Kylar Broadus, a transgender activist, has become the first openly transgendered person to testify to the Senate. Broadus expressed to the Senate his distress having been employed in a place where he was not allowed to be open about his trans status, being repeatedly reprimanded over using his chosen name, or dressing “as himself.” He says: “When I would go in to do anything, they would always relate to me as male and never understood I had a female gender marker. Obviously it was tough to navigate security. It was tough to navigate employment, where you have to have matching documentation for your employer.”
When he began his transition, from female to male, he repeatedly faced harassment in the workplace from his employer and security. He says he also faced periods of unemployment, having been discriminated over his gender identity.
Broadus has testified to the Senate Committee on Health, Education, Labor & Pensions over the Employment Non-Discrimination Act (ENDA) that provides protection against discrimination for LGBT people.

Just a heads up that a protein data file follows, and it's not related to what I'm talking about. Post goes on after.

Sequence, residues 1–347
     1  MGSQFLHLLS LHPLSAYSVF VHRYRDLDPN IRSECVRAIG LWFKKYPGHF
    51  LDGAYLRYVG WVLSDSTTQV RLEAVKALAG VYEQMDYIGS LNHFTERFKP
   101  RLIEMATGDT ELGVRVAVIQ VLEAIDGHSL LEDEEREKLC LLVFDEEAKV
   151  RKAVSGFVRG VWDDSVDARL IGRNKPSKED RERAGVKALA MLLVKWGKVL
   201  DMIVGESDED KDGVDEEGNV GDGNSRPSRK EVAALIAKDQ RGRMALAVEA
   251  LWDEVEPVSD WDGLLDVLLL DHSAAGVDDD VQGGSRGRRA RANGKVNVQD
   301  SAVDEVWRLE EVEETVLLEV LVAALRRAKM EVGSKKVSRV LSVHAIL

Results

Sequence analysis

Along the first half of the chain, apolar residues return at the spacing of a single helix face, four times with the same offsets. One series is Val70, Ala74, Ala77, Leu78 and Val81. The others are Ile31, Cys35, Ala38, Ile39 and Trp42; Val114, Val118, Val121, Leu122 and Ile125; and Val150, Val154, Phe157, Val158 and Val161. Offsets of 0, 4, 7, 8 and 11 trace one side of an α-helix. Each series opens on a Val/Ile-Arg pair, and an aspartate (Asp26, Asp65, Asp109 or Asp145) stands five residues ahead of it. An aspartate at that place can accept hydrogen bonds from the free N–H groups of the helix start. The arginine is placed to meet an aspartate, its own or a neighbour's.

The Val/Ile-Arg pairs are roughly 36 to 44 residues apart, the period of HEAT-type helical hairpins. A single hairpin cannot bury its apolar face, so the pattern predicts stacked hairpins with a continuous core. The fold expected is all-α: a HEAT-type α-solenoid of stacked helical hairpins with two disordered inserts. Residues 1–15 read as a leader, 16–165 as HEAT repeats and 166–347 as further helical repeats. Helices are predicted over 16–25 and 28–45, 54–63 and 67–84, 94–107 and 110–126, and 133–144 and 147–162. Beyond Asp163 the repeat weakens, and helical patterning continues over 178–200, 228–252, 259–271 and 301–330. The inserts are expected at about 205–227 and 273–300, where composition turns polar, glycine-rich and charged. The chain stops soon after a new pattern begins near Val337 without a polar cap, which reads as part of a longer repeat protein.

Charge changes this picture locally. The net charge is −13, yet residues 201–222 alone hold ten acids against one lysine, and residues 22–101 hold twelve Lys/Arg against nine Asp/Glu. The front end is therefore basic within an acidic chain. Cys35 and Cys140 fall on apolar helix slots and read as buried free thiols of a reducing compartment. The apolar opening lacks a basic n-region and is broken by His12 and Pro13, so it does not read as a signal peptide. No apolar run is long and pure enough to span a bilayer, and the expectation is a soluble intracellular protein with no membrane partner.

ENDA enforces an end to discrimination based on not just LGBT employees and prospective employees, but to those who might be perceived as such. A study shows prospective employees involved in LGBT rights organizations on their resume’s are less likely to be called back for an interview. For transgender employees, harassment in the workplace is around 90%.
Enforcing the law is difficult however. To provide assistance to individuals requires not just legal assistance, but a change in attitudes of employers and any individual in the workplace, and an acceptance of individuals who may appear different, or live different lifestyles.